Brain tumors suck. Hi, I'm Patrick btw. This is my cancer blog. My "normal" stuff is over here.
Happy holidays everyone! It is pure coincidence that this became a Christmas post though. My first blog post about my training regimen was back in 2013, please read it if you haven’t already. Since then, a couple of things have changed.
First of all, my weight. I peaked at about 82kg (180.7lbs) and am now at a still healthy 77.6kg (171lbs), with the goal to get up to 80kg (176.3lbs) again. At a height of 189cm (6’2"), 77.6kg make a BMI of 21.8. Weighting between 71kg and 91kg (156.5lbs — 200.6lbs) is considered normal for me. My lowest weight, after my first surgery, was 62kg (136.6lbs), with a BMI of 17.4. With a BMI under 20, you are considered to be underweight. Let’s see where I land after the holidays :).
Second, the training method. I am now training on the rings, currently with the great Rings 1 program from GMB. So it’s still bodyweight exercises for me, but the rings bring a unique challenge to it. I still get up at 5:15am to get my training done, three times a week. The only difference is that, with the rings, I’m training outside in our backyard. It’s the only way I can hang the rings high enough, as I can hang them from our balcony. Makes for some tough training during the winter, but proper layering is everything. The sense of accomplishment after getting up at 5:15 and having a workout when it’s freezing outside is totally worth it. I also really, really need to add a leg day to my current schedule…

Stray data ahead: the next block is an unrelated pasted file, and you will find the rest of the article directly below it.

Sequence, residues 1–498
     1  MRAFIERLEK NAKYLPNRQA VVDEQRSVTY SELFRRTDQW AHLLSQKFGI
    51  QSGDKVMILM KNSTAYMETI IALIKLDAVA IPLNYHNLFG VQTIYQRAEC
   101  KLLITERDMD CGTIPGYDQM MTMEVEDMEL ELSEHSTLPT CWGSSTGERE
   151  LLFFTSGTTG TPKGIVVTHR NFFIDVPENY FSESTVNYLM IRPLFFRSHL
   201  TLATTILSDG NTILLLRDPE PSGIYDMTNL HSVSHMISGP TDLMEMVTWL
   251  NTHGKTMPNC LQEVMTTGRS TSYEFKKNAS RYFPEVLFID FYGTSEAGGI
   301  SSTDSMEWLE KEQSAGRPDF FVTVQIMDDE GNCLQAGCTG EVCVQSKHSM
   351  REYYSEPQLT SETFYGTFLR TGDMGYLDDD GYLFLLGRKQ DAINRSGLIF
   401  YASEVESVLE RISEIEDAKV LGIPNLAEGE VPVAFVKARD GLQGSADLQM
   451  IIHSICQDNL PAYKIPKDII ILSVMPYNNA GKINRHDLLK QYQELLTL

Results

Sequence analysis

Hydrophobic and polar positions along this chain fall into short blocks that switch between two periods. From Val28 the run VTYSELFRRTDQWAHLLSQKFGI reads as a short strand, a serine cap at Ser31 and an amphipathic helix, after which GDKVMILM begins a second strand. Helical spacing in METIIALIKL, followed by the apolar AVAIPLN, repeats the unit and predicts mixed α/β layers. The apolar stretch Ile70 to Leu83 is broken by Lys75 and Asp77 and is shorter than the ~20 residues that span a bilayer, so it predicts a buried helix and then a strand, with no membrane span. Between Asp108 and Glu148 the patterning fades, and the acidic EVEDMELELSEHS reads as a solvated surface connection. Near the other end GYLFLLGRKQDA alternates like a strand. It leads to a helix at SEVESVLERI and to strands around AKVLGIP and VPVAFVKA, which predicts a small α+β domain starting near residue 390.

To illustrate the difference this can make, here are some pictures. The left image is from 2012 when we visited Taiwan, the two on the right side are from now. I put on the same polo shirt to make the images as comparable as possible. The jeans are different ones though, I do not fit into the old ones any longer. Also: beard gainz! And no, I don’t have a mohawk, it just looks like that because I didn’t shave for about three days and I have a naturally receding hairline :)
Training is still my one of the ways I deal with my cancer, as it gives me something to do that might improve the further course of my illness. It might already have been an advantage during radiation treatment, as I didn’t suffer too much from it. I like to believe being as fit as possible played a role there. So get off the couch and do something!